Government outlines £5.2bn flood defence spending plans
The Government has today (29 July) outlined how £5.2bn will be spent over the next six years to improve the nation's resiliency against flooding, following the weather-related events that occurred in places such as London this week.
As part of the Prime Minister’s Ten Point Plan to push the UK towards net-zero emissions, £5.2bn was ringfenced to create new flood and coastal defences in England by 2027.
The Government has confirmed that more than £860m of the £5.2bn budget will be spent by 2022 on more than 1,000 construction and design projects across England as part of the Environment Agency’s (EA) annual capital programme. Future budgets will then be decided following the allocation in 2022.
The Flood and Coastal Erosion Investment Plan has an ambition to better protect 336,000 properties by 2027 through the £5.2bn investment. It is anticipated that the plan can help avoid £32bn in wider economic damages by reducing national flood risk by up to 11%.
An extra £250m will be spent on flood and coastal defences compared to last year, which the Government claims is the higher ever annual investment. It includes ringfenced funds for some of the UK’s worst-hit regions for flooding.
Yorkshire and Humber will receive an extra £40m compared to last year, while the north west, which was ravaged by Storm Christoph in the winter, will receive an extra £53m.
Environment Secretary George Eustice said: “We are standing by communities and will bolster defences against flooding across England with many thousands more properties better protected by 2027.
“It’s important we take action right across the system. Our comprehensive plan will achieve this by tightening planning procedures, helping more people access insurance and making homes more resilient to the effects of flooding.”
The announcement arrives in the same week that flash floods caused havoc across areas of London and the south east. The EA issued give flood warnings across the south of England on Sunday alone, along with 19 flood alerts that included parts of Wales.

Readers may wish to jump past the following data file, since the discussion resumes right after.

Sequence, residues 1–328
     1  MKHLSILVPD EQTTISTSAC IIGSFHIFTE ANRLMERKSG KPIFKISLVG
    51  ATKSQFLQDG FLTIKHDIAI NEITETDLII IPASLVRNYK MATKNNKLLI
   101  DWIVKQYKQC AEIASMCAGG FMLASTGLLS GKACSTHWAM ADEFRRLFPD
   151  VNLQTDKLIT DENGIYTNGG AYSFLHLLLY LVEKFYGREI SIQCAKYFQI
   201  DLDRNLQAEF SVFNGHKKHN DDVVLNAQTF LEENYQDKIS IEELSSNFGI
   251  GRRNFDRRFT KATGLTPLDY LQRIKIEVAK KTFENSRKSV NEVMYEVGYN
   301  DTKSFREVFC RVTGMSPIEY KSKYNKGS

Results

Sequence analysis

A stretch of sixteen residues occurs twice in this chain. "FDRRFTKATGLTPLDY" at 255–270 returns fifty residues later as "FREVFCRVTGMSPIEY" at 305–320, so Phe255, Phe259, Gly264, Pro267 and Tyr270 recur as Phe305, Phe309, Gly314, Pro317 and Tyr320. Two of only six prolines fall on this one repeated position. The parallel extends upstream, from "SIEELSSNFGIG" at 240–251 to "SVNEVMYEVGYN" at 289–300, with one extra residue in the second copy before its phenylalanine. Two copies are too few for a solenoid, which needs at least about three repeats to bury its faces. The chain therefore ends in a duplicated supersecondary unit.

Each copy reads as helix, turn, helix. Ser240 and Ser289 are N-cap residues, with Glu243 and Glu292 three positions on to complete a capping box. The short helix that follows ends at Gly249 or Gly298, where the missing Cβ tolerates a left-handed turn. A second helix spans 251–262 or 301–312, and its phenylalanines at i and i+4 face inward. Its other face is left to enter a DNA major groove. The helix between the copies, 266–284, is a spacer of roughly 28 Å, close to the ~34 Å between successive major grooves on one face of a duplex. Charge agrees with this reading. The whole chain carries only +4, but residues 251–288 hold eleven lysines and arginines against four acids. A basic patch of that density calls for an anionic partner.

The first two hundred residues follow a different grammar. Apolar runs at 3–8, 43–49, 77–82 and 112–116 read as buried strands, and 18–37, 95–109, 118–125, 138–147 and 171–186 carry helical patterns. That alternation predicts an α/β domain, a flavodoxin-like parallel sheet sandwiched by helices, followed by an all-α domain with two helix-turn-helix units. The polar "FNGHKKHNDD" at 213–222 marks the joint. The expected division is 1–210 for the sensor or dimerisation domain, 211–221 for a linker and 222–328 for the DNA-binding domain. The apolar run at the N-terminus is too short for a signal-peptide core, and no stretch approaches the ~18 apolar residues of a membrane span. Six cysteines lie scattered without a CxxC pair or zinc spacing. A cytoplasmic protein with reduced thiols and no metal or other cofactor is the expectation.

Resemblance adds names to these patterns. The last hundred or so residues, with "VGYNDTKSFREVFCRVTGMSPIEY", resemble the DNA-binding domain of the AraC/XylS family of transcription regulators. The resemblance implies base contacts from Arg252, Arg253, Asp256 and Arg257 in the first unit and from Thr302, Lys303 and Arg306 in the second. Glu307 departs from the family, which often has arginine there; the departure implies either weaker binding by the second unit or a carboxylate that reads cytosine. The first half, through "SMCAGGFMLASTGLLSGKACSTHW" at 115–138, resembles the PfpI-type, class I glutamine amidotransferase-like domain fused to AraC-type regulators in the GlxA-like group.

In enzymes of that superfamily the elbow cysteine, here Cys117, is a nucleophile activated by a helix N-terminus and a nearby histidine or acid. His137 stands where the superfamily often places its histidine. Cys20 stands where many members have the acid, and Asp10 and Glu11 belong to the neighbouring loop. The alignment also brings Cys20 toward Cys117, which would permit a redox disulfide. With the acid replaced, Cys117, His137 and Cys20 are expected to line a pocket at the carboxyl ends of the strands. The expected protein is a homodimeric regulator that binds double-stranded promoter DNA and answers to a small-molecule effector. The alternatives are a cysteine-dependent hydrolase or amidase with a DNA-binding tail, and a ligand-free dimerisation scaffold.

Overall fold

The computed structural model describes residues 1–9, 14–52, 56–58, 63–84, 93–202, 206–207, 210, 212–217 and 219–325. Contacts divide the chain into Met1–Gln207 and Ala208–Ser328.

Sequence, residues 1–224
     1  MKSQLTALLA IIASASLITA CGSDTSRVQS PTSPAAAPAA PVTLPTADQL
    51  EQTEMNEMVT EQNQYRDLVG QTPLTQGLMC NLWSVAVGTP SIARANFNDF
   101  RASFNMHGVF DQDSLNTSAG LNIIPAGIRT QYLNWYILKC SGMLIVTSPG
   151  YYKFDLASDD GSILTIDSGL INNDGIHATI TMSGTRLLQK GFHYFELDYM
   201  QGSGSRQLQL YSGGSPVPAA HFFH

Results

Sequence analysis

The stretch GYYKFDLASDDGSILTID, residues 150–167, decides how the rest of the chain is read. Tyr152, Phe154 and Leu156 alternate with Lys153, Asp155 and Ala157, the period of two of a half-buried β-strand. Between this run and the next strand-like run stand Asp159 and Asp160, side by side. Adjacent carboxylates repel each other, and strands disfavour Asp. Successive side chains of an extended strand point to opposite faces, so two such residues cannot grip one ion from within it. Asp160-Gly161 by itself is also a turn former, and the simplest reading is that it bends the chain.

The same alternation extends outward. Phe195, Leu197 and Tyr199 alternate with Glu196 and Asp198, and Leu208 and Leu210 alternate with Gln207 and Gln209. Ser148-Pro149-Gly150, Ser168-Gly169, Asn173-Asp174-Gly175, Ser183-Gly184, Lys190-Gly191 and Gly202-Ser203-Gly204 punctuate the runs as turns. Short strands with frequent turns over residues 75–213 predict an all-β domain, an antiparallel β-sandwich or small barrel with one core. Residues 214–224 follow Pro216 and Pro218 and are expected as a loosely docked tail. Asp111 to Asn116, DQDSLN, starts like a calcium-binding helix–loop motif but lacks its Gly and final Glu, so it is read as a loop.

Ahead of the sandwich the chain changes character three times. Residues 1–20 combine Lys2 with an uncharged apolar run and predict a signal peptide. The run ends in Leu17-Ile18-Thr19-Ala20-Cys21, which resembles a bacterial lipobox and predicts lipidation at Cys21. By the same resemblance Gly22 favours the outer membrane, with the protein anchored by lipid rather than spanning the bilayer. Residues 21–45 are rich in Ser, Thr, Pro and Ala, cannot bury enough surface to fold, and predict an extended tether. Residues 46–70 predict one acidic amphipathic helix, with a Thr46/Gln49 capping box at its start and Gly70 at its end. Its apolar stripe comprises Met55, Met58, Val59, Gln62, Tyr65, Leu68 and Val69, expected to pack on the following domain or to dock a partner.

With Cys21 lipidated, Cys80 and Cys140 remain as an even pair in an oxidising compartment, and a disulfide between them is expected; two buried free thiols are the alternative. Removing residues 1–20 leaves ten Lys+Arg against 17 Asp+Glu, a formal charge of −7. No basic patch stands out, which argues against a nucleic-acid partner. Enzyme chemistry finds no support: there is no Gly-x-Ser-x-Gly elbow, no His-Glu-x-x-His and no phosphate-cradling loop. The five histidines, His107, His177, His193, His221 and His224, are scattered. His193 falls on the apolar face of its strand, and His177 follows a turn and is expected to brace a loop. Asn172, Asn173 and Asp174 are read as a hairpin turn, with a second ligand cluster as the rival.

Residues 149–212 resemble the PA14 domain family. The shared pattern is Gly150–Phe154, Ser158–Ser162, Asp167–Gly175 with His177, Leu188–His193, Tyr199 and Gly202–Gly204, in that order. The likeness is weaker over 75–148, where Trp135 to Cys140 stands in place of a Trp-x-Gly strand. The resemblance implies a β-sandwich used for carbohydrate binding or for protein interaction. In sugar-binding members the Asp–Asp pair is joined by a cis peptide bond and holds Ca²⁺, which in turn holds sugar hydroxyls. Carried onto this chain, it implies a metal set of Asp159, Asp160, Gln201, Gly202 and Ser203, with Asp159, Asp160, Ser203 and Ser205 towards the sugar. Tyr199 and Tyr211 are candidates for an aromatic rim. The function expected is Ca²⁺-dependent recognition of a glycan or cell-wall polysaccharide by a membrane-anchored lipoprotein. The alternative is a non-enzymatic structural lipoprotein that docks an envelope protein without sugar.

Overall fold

According to the Guardian, the London fire brigade took 300 flooding-related calls in just a few hours on Sunday, as roads and tube stations were engulfed by the flash floods.
More broadly, the flooding events in Germany and Belgium have caused around 180 deaths with Netherlands, Switzerland and Luxembourg also experiencing weather-related disasters.
Scientists have since warned that these types of events will become more common as the climate crisis worsens, creating calls for the Government to improve adaptation and resiliency plans.
In December, the UK became one of the first countries to publish an official plan setting out how the nation is responding to the climate crisis through adaptation and resiliency plans that focus on flood prevention and rewilding.
The Adaptation Communication outlines how climate mitigation will be “integrated across government departments” by focusing on the natural environment, infrastructure, the built environment and the private sector. The plan alludes to the £5.2bn in committed spending on flooding.
The new spending will enable householders to benefit from the Flood Re Scheme that allows insurers to pay additional amounts for the installation of flood resiliency measures after an extreme weather event.
A consultation will also run later this year, which will explore how the Government can better protect frequently flooded communities.
It is estimated that flooding damage cost UK businesses £513m in 2015 alone. Between 2015 and 2021, the EA’s £2.6bn flood prevention spending helped more than 314,000 homes.
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